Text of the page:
Rumi: She said she wanted to meet near the fountain of the park. I really hope she’s not here. I would feel awful if she was here this whole time. Hmm… I don’t see her. Good! Well I guess she’s not going to want me as her Master now. Time to head back, I guess. Wait! Is that her under the tree over there? It can’t be. She’s still here! What should I do? I know I have to go over there, but what do I say to her? I’m sorry!
Anika: Master Rumi.
Rumi: I’m so sorry I’m late. You must really think badly of me.
Anika: No, I could never. Actually, it gave me more time to think of what I wanted to do with you today. I was so excited about meeting you that I forgot to plan for the day. I was thinking so much that I didn’t notice the time.
Rumi: Oh, well that makes me feel a little bit better, but still, I apologize.
Anika: It’s okay. I’m just glad you came.
Rumi: What’s that in your hand?
Anika: Oh it’s nothing.
Rumi: Aw c’mon, tell me.
Anika: It really is nothing. I was just writing down things I wanted to do with you, but I couldn’t choose which one.
Rumi: How about all of them.
Rumi: Well we don’t have to do just one. Besides, they all seem like fun to me. I would have a hard time deciding which one too.
Rumi: So which one do you want to do first?
Anika: How about a walk in the park since we’re already here.
Rumi: Sounds good to me.
Anika: So how do you like school so far?
Rumi: It’s very different. I have never studied as much as I do here. And it’s very competitive but that goes without saying. What about you?
Anika: I’m just glad to have this opportunity. Not everyone can, you know?
Rumi: Have you made any friends?
Anika: A few, but you never know, because when it comes to Masters, friendships get tossed aside.
Rumi: So Servants go through the same thing.
Anika: Of course, we just have more at stake than Masters. You’re friends with Master Sakiko and Master Itoe, right?
Rumi: Sakiko, yes. Itoe, I’m not sure because friends usually talk to each other and I don’t know how to do that with her.
Anika: Haha, well she seems to be getting along very well with Natsue at least from what I saw yesterday.
Rumi: Don’t tell Sakiko that. She wants Natsue to be her Servant and it doesn’t seem like she’ll be backing down anytime soon.
Anika: Natsue is a sweet girl. She deserves to be fought for, just like you.
Rumi: I don’t think so.
Anika: I do. I mean, I’ll fight for you.
Rumi: So… tell me about yourself.
Anika: I was second in my class in middle school; I could have been first if I hadn’t gotten sick—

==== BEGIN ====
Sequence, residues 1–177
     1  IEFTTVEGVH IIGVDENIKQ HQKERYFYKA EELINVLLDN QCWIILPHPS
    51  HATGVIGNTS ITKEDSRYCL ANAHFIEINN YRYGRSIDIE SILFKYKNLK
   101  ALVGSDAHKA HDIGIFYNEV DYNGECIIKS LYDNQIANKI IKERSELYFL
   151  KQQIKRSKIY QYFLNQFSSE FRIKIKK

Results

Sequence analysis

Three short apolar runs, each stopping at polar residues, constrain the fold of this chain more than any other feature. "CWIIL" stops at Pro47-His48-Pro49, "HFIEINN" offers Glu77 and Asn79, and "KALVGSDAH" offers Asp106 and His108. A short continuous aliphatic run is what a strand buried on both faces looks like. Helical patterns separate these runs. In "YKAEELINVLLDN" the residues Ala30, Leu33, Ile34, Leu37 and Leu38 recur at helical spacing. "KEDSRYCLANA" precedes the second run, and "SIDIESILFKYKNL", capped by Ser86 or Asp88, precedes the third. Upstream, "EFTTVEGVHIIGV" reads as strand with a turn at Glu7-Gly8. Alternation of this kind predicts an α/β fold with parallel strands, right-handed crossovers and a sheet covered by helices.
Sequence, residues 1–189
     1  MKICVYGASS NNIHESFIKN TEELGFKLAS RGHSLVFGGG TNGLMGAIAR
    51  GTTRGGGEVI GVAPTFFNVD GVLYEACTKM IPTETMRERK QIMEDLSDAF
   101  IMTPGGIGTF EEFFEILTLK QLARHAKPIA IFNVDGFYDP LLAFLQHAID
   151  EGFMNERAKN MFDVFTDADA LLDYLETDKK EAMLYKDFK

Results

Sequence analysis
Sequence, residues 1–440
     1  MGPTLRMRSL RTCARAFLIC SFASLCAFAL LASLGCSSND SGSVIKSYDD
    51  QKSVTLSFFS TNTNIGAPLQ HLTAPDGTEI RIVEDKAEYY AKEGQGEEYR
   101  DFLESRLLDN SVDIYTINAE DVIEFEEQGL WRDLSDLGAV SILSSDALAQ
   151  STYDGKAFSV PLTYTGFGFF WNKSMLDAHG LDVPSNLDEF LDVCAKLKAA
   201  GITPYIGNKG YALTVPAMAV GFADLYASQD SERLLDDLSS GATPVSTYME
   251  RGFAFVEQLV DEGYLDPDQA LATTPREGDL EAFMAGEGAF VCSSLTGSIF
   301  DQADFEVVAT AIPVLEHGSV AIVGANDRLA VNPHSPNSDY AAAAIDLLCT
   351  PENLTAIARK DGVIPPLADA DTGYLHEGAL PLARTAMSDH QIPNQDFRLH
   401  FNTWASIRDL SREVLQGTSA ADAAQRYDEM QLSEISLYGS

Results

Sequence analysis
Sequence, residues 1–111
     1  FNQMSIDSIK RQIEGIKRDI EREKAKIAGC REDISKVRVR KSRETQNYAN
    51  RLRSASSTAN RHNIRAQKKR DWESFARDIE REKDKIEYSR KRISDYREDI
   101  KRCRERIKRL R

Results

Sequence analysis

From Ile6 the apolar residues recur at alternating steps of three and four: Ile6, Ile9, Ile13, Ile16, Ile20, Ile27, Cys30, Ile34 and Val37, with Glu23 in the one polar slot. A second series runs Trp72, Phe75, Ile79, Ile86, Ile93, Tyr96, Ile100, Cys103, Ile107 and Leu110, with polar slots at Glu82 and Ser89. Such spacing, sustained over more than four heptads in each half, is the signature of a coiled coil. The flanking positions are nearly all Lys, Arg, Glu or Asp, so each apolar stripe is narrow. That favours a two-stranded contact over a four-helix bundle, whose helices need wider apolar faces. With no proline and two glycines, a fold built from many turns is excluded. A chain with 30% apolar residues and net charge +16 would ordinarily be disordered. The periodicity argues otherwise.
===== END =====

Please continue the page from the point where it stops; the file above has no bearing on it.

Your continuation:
Rumi: No, tell me about you. Tell me something that I wouldn’t find in your school record.
Anika: I’m sorry, usually when Masters ask, they want to know about your grades.
Rumi: Well, I’m not like the other Masters.
Anika: No, you’re not. I’ve noticed that about you. What do you want to know?
Rumi: I don’t know. Anything really. Tell me about your childhood.
Anika: It’s kind of hard for me to talk about it. It wasn’t a pleasant one.
Rumi: I’m sorry. I shouldn’t have asked.
Anika: It’s okay. How would you know? Maybe next time I’ll have the courage to tell you.
Rumi: Next time?
Anika: Well yea, we’ve been talking for awhile now and to tell you the truth I rather not do the whole list today.
Rumi: Why not?
Anika: Because I rather save some for next time.
Rumi: Oh. Well, I guess I’m going to have to make this day up to you in another way. How about you ask me any question you can think of and I’ll answer it truthfully.
Anika: Are you sure you want to do this? Because I could ask a question you don’t want to answer.
Rumi: I’m sure. I mean if you want me to be your Master don’t you need to know everything about me? It’s better to scare you with my secrets now then later.
Anika: I don’t scare that easily.
Rumi: Then you should have nothing to fear. Ask away.
Anika: Okay. Tell me about your childhood.
Rumi: I wouldn’t say it was bad, but it definitely wasn’t great. Yes, we had money and we still do, but back then my father was the one making it. He died of a heart attack when I was younger. They say it was the stress of the job that sealed his fate and now my mom runs the business. After I graduate here and finish college, I’ll be in charge of it.
Anika: Were you close with your father?
Rumi: Very close. My father was my hero; he meant the world to me. And we never had that much time together since he was working all the time, but he always saved time for me. It was really difficult for me to understand at that age that he was never coming back. That I would never see him again. I remember that I would wake up every morning thinking that he came back and when I ran into his study room, my heart would drop at the sight of his absence.
Anika: I feel horrible asking you that question, but you weren’t alone, right? Your mother was there to help?
Rumi: Actually, no. Like I said my mother took over the business so I barely got to see her when she started working, but I never felt alone. I had a best friend at the time who cheered me up every moment she got.
Anika: Are you two still friends?
Rumi: No. I actually haven’t thought of her until just now. But we sure were close.
Anika: What happened?
Rumi: I’m not really sure. One day she was gone. When I asked my mother, she said she moved away and that was that.
Anika: That’s odd.
Rumi: You know what’s even odder?
Anika: I thought I was supposed to be asking the questions today.
Rumi: You’re right.
Anika: I was just kidding go ahead.
Rumi: You know what’s even odder?
Anika: Haha, what?
Rumi: The fact that we’re still walking in the park. I think this is our 100th time around.
Anika: Hahaha I think you’re right.
Rumi: I have another question for you.
Anika: Go ahead.
Rumi: Are you hungry? Because I am and I heard about this great place near here.